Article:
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Hi. I'm pretty worried about my mother because, just the other day she was diagnosed with some intestine disease called ulcerative colitis and I don’t know anything about it.
I know that these last few years she complained a lot about some intestine problems such as bloating, diarrhea and pain but we didn’t pay too much attention on it. We thought it could be caused by some specific type of food or some food intolerance.
But, when she noticed a blood in her stool, we took him to a doctor who determined that she suffers from some ulcerative colitis.
I don’t know a lot about this accept that it is very serious intestine disease!


I'm very sorry about your mother and I agree with you because this could be very serious disease.
Ulcerative colitis is also called inflammatory bowel disease and, like with your mother, it can be difficult to diagnose because its symptoms are similar to other intestinal disorders.
There are many theories about what causes this disease but still- the right cause is unknown.
The most popular theory is that it is caused by one autoimmune process in which body attacks its own intestine. There are several symptoms of it such as fever, bloody diarrhea, nausea, and severe abdominal cramps, fatigue, body loss and rectal bleeding. The goal of therapy is to improve the quality of life to patients and some of drugs that are being used are Aminosalicylates, Corticosteroids and Immunomodulators.


Hi, I see that this post is a couple of years old, so I don't know if I can really shed any light here, but I will try.....

I was diagnosed with ulcerative colitis, after I spent a week lying in bed with writhing abdominal pain. After several tests and two months of pain, I found about the colitis.

First, I'll give you the basic run down. There are two diseases of the small and large intestine that are grouped into a category call Inflammatory Bowel Disease (IBD for short). IBD of the small intestine is called Krohn's Disease, IBD of the large intestine is called Ulcerative Colitis (UC). Some patients have both Krohn's and UC, others have only one disease. These are called inflammatory bowel disease for a reason, the lining of your intestines (large or small) becomes inflamed, causing soreness and cramps, bleeding, ulcers, and other things. People who have this disease can have symptoms that are mild, to extreme. I've seen both ends of the spectrum, and am thankful to be on the lower end of the spectrum.

The cause of IBD in general is unknown. Some think that an infection during the childhood years is the culprit, some think that bad diet and lack of exercise cause this (even though this is largely unsupported, and I can vouch for it), the forerunner is an over reactive immune system. This hypothesis is supported by the studies performed on HIV patients, that have shown that once the white blood cell counts in HIV/AIDS patients drops below a certain level, the colitis turns itself off (or is turned off by the HIV virus).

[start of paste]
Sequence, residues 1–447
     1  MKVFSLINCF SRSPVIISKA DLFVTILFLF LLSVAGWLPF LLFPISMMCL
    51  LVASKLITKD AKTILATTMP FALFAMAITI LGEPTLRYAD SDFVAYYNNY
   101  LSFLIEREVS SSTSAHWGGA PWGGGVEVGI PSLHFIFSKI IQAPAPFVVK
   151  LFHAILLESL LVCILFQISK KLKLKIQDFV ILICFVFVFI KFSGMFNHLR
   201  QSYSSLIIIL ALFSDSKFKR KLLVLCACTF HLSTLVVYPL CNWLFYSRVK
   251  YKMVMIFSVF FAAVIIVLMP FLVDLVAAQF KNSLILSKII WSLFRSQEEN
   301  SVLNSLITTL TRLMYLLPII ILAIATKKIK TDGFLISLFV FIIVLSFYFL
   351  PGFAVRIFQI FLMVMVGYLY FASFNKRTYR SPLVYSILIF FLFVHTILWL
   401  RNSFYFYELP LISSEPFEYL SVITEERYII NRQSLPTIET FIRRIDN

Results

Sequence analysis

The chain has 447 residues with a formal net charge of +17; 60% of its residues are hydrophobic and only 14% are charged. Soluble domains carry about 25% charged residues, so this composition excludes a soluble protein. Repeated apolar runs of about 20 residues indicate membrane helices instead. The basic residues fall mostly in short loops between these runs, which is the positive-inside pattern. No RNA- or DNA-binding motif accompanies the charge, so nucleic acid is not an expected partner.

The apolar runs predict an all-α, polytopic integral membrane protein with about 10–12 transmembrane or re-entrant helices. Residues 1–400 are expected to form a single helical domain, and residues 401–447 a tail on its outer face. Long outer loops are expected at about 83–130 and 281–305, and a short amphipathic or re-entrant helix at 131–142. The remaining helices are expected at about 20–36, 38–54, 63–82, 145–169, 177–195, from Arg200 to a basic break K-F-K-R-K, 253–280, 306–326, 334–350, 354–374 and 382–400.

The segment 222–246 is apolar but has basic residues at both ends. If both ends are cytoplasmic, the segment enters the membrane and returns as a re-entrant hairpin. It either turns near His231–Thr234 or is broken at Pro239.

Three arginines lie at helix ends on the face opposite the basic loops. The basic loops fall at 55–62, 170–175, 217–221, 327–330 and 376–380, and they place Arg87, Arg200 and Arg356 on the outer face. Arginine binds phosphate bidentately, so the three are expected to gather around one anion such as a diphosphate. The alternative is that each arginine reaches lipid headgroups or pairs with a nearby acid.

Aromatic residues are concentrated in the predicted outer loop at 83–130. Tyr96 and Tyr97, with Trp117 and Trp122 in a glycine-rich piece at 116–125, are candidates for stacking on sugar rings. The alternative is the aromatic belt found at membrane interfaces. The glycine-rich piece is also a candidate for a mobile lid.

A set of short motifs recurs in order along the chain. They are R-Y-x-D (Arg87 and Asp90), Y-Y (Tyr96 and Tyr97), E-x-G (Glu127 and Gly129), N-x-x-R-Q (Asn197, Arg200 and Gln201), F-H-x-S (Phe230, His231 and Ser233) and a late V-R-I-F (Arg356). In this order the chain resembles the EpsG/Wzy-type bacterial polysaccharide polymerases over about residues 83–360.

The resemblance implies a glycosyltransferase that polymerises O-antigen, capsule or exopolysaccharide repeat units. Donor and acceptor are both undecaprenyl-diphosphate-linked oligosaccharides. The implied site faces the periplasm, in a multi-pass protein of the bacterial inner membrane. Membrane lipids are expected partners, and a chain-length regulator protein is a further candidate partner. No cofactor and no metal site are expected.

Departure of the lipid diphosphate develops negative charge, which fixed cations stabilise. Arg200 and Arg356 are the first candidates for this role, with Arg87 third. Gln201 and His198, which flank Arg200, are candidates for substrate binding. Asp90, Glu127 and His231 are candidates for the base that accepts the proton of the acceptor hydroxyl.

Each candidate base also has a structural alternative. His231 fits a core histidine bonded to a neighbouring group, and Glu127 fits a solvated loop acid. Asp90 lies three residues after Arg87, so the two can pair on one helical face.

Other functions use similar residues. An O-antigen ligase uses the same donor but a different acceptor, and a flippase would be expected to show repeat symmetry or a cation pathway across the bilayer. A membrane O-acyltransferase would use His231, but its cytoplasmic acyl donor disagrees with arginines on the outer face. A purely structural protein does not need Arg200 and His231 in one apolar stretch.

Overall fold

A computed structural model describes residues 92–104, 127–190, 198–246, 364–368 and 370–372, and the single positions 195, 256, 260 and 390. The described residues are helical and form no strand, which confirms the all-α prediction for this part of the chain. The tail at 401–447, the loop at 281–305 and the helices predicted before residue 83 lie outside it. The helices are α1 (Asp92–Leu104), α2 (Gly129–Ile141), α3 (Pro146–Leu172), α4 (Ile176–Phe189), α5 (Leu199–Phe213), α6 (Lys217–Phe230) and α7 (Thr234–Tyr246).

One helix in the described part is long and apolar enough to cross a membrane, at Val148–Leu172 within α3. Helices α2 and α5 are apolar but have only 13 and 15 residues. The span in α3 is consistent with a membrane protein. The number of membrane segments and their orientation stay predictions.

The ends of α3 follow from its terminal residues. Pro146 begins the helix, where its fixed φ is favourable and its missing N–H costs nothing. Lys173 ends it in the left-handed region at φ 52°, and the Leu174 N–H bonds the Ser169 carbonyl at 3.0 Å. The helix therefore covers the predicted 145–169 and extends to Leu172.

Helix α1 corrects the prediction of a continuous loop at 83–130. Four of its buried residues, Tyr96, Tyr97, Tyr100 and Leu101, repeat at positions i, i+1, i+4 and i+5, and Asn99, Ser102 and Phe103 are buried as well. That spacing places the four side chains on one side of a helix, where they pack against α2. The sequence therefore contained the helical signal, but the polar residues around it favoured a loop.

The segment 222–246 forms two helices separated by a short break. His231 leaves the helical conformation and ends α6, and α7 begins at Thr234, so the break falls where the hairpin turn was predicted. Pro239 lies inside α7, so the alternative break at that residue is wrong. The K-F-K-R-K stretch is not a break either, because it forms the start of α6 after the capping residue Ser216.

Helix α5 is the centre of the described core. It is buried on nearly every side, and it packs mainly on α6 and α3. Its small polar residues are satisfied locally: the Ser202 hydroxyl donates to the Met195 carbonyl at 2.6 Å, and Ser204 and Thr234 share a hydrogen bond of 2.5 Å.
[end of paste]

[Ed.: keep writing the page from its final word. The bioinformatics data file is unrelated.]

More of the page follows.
Treatment for IBD is mostly to slow down symptoms and allow patients to have a normal life. There are several medicines on the market now that treat the symptoms of IBD. The general progression of medication seems to be the following Asacol, Steroids, then Imuran (Spelling??). My original gastrointerologist also prescribed Hyoscamine for me. Asacol works kind of like a fancy aspirin for your colon (large intestine), the basic dosage is 6 pills a day (or 2400 mg), the hyoscamine is about .375 mg 2x a day for me. If medicine doesn't work, then the next step is removal of the large intestine (partially or fully). But this is often the last resort.

The important things to me about living with colitis is that you need to be proactive about the disease. The drugs that are out there are effective, but begin to lose their power over time. A lady that I work with is 10 yrs older than me, and takes 3x the amount of medicine that I take. So managing the disease so that I don't ever have to have my colon removed is my goal. These are the tips that I would give people with UC.

1) Take your medicine, take the right doses, take as little as possible to control symptoms. Remember that they are going to eventually become less effective.

2) See you gastro guy(or gal) on a regular basis (every six months) or make an appointment as soon as you have sever symptoms (bad pain or bloody stools). Prevent a full blown flare up is the key.

3) Eat a healthy and balanced diet. Get enough exercise. Eating fatty foods and being inactive make you more likely to get constipated. And constipation exacerbates the colitis. It's well documented that diet does not affect the root cause of the disease. However, healthy eating habits and exercise will make you more regular, and not put so much strain on your bowels.

4) Remember that UC or Krohn's make your MUCH MORE susceptible to intestinal cancers. It also makes you more susceptible to fissures, diverticuly and other intestinal problems.

UC can be a bad disease, it is also very manageable, especially if you work hard at staying healthy.